Positive critiques are a necessity, for one because they are the 'spoonful of sugar' that helps the medicine of necessary critique go down, but also because it helps you as an artist and a person. Seeing the bad in someone's art can be easy, but seeing the good can be harder. But people need to know the good too - they need to know what IS working as much as what isn't.
Receiving critique: listen with an open mind and a closed mouth.
Just because you dont' agree with someone's critique doesn't mean it's time to argue. Even if you did something on purpose, if its not obvious enough it may not be effective. Listen to what people have to say, but that doesn't mean you have to follow it. But critiques are not arguments.
The most important thing though is not to say 'well, thats my style." Drawing someone's head in their armpit may be your style, but that doesn't mean its not anatomically wrong.
Receiving critique: ask if you don't understand
I know I seem to be contradicting the last one, but arguing and asking are not the same. If you don't understand why something you did doesn't work, ask. Hopefully the critiquer will be able to elaborate, so you can avoid doing thigns that don't work well on future works. If they don't know, maybe its time to ask a different opinion.
In addition, artists sometimes are more able to draw somethign out than to explain with words. While critiques do help us with our verbal communication skills, lets be honest - we're artist. We draw as a method of communication. So if someone can draw what they mean, let them.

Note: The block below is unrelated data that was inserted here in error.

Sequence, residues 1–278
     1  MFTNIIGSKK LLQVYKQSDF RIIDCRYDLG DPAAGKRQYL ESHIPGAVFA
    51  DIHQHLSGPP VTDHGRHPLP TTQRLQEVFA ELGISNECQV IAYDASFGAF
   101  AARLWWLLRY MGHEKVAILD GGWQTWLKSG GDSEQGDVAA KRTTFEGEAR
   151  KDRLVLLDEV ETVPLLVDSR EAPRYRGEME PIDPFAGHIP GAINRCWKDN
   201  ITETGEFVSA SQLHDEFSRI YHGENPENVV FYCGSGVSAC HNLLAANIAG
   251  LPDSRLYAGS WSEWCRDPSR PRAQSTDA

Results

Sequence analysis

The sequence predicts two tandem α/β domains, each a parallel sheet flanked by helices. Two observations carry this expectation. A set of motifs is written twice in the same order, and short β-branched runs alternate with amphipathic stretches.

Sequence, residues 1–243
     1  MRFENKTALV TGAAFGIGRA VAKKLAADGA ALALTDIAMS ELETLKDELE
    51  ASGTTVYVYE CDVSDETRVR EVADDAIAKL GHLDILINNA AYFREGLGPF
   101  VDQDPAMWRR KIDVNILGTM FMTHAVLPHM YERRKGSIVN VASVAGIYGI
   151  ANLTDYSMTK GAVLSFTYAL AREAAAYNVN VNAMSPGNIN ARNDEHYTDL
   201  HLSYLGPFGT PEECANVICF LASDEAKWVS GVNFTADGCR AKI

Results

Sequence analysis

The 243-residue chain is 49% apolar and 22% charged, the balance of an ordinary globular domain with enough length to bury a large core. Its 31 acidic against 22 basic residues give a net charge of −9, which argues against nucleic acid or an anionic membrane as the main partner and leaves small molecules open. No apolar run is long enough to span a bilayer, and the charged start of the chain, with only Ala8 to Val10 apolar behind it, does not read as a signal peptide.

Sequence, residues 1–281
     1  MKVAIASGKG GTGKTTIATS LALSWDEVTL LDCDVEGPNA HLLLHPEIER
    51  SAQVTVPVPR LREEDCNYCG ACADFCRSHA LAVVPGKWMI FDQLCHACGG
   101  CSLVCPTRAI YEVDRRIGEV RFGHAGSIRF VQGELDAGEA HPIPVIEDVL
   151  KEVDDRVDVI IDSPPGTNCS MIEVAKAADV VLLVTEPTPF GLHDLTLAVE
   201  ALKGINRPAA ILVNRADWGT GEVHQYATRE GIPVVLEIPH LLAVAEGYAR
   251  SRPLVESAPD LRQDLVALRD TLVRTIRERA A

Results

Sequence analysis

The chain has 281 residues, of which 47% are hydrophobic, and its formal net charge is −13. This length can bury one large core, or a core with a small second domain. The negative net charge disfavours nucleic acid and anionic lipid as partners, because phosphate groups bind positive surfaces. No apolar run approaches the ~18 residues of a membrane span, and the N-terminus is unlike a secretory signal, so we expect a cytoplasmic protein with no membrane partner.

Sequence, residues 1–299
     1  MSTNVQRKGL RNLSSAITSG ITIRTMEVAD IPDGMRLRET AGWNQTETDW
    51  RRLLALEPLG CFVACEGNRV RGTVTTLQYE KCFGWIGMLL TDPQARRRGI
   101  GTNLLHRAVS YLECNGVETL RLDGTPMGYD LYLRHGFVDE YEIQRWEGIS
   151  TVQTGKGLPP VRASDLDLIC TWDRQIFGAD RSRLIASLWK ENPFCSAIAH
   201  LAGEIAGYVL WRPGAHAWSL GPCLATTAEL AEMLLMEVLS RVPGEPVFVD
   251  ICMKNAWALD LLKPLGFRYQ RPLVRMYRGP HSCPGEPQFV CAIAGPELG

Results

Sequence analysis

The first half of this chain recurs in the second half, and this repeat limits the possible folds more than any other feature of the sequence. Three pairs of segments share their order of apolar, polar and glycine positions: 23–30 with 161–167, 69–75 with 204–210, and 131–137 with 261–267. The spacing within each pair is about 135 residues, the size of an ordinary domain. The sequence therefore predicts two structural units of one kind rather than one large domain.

Receiving critique: cry, and move on
I'll admit it, sometimes critiques are painful. There will be times when other artists rip your work to shreds, and it hurts even more because you know they're right. So all you want to do is cry.
Well, go for it. I've cried over critiques. Other artists cry over critiques. It is a personal thing sometimes, even if we tell ourselves its not, just becasue of how personal art itself is. But if you're serious about wanting to make a living from art, then you should be serious about improving. Even if you have to break it down into one step at a time, you should always look to improve. And improvement can be a slow and painful process. But someone who sees your work on a consistent basis will notice the improvements, and should help you keep going.
I'm sure there's much more to say about critiques. I'm also sure not everyone will agree with me. This is just what I can say about the subject, and I'm no expert. But these points have helped me with critique, and while I'm still learning (especially on the keep your mouth shut part), art is a journey.
Edit: Wow, I really appreciate all of this feedback, and I'm glad so many people are finding this helpful, or willing to start dialogue with me on what they disagree with! I am trying to make a reply to everyone, but it is a lot of writing, and I have a lot of art to do as well! So I apologize if I don't get to your comment right away, know that I am making my best effort to respond to everyone!